In addition to dealing with the fantastical, the series also addresses real life issues.  In the first issue, Mac intimidates a bunch of guys by using a homophobic slur. I regret (and I mean this sincerely, not flippantly) that I was a young teenager in 1988 and that is exactly the language that the “tough kids” would use to insult other kids. However, the slur doesn’t go unchallenged – Erin tells her not to use the word and throws in a quick lesson about AIDS in the process. Later on Mac indicates disgust that two men who have saved the girls are lovers and the other girls call her out. Homophobia is pervasive enough that Mac feels comfortable expressing it (as a character from the future says, “You lived in an effed up time,” ) but not so pervasive that it’s shared by everyone.

As the story progresses, KJ has a vision of herself kissing Mac. In Volume Four KJ tells Mac, “Mac, when I grow up, I think I’m going to be a lesbian.” This makes Mac so uncomfortable that Mac asks Erin if KJ might have been “replaced by an imposter.” Erin is supportive of KJ and KJ seems to accept her sexuality with poise (Tiffany is out of the loop at the moment but she hasn’t been homophobic in previous issues). KJ also seems to have a crush on Mac, remembering aloud every detail of how they first met. But she doesn’t express hurt at Mac’s attitude so much as a desire to inform her.

KJ is a character who seems to be pretty level-headed by nature, and who also has a functional family and reasonable understanding of sexual health.She gets her first period in this series, and is completely matter-of-fact about it. In contrast, Mac is horrified about KJ’s period and reveals that she doesn’t know anything about periods or other feminine hygiene issues because her family won’t let her learn for religious reasons. The only things she “knows” are some snippets of “information”that her misogynist brother told her.

Mac is always on edge and cultivates her image as “tough.” Part of her cultivation of that image is to pretend that she knows more than she does – so she ridicules the things she is secretly most curious about,Given this last character trait, and the pressure form the other girls to be more accepting,it will be interesting to see where Mac ends up.

I can’t speak to KJ’s journey, because as a straight person it’s not a journey I had to make. However, I can speak to the casual homophobia and to the confusion about what being homosexual actually meant to tweens and younger teens in the mid-1980s, at least in my experience. The line “When I grow up I think I’m going to be a lesbian” hits the perfect tone of awkwardness and confusion that pervaded the discourse at my school. Some of us were mean, and some were nice, but none of us had any idea what we were talking about.

Today, my middle school daughter and her friends (ages 12-14) talk casually about a dozen or more potential labels for sexual and gender identity (pansexual, asexual, transgender, gender fluid, etc). Obviously these orientations existed in the 1980s whether there were labels for them or not.However,my group of friends had no idea they existed.We weren’t all malicious, but we were all stunningly ignorant compared to the Tumbler generation of today.That ignorance, both hostile (on the part of Mac) and friendly(the other girls) is one of many things that Paper Girls captures so well.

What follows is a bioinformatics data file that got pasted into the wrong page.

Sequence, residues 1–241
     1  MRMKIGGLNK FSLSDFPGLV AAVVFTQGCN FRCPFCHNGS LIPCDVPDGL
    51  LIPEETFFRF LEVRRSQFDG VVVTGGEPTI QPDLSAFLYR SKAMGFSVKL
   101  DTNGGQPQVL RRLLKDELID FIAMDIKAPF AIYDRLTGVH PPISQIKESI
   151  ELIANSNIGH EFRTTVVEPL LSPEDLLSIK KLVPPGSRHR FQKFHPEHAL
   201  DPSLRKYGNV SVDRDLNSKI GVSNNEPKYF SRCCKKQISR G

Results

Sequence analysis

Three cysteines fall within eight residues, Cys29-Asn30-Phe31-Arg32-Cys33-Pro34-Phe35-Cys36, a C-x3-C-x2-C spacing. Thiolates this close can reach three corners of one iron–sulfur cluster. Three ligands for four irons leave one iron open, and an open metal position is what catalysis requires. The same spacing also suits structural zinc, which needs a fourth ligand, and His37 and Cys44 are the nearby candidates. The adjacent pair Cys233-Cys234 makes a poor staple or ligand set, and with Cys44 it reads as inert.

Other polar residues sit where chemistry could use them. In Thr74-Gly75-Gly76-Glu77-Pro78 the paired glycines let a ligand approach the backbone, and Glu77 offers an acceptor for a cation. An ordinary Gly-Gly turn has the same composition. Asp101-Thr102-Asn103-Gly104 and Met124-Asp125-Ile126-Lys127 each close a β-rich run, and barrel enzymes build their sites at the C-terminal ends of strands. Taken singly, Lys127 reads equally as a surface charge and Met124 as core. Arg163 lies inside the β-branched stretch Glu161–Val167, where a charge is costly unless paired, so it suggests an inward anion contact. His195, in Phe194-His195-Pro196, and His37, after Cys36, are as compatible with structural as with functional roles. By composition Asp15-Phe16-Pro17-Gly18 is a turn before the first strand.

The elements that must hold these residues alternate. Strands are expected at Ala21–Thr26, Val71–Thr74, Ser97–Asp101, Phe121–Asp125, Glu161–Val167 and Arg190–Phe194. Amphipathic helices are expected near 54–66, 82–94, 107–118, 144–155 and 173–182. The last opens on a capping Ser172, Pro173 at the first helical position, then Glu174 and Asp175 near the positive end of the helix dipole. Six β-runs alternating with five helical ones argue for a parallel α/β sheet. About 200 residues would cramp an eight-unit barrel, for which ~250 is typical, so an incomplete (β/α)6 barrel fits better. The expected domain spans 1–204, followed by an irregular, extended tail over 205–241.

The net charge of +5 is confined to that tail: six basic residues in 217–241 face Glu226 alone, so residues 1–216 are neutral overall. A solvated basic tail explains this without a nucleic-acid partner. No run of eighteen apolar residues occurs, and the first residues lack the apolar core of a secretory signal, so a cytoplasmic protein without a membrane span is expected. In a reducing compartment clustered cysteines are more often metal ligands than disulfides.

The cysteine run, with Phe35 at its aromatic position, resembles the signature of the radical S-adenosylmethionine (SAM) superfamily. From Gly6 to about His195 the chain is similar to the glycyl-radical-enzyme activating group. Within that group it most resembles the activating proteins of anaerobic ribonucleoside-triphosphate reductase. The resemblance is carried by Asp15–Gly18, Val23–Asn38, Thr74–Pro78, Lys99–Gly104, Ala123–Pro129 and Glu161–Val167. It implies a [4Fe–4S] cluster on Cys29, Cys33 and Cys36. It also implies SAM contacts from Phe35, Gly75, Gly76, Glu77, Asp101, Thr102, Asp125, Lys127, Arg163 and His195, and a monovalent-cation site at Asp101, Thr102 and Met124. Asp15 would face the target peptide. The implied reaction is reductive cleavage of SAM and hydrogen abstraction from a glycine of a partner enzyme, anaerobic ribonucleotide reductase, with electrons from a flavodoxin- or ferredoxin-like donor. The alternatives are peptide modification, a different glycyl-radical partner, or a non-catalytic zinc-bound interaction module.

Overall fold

Obviously, Paper Girls might be triggery because of Mac’s homophobic attitude and words. For the first few issues, readers were concerned about where the comic would be going given that such an offensive slur was used in the first issue. However, each issue does make it more and more clear that Mac’s attitude is not one that the reader is supposed to emulate. Instead, it sets up a scenario in which instead of being ostracised for being gay, KJ is comfortable with herself and embraced by her friends. It’s Mac who is left an outsider.
Will KJ eventually reject Mac for Mac’s attitude or will Mac’s attitude change because of her friendship with KJ? I’m not expecting them to run off together to live in bliss – they are twelve. However, in a series full of predictions about future events that involve dinosaurs, giant robots, and more, Paper Girls resonates the most when it is about the personal details of our characters’ lives.

 

 

 

Between the Lines Book Club: Stranger in Their Own Land

between the lines book club logoTomorrow (August 25) we will be meeting at Arden Dimick Library at 10:30AM to discuss Strangers in Their Own Land, by Arlie Russell Hochschild. On her webpage, Hochschild suggests the following topics to consider with regard to her book:

  • Gender
  • Race
  • Faith
  • The Environment
  • Media

She also introduces the following topics:

The Empathy Wall: an obstacle to “deep understanding”

Deep Story: “a story that feels as if it were true”

Feeling Rules: a shared set of rules regarding to how to feel about certain topics.

Honor Squeeze: “The perception by the right that their identity as white Christian men or women is not seen as honorable.”

Structural Amnesia: “A process by which the distribution of power in a society—monopolized by fathers or controlled by big business, for example—shapes what is collectively remembered or forgotten.”

See you tomorrow!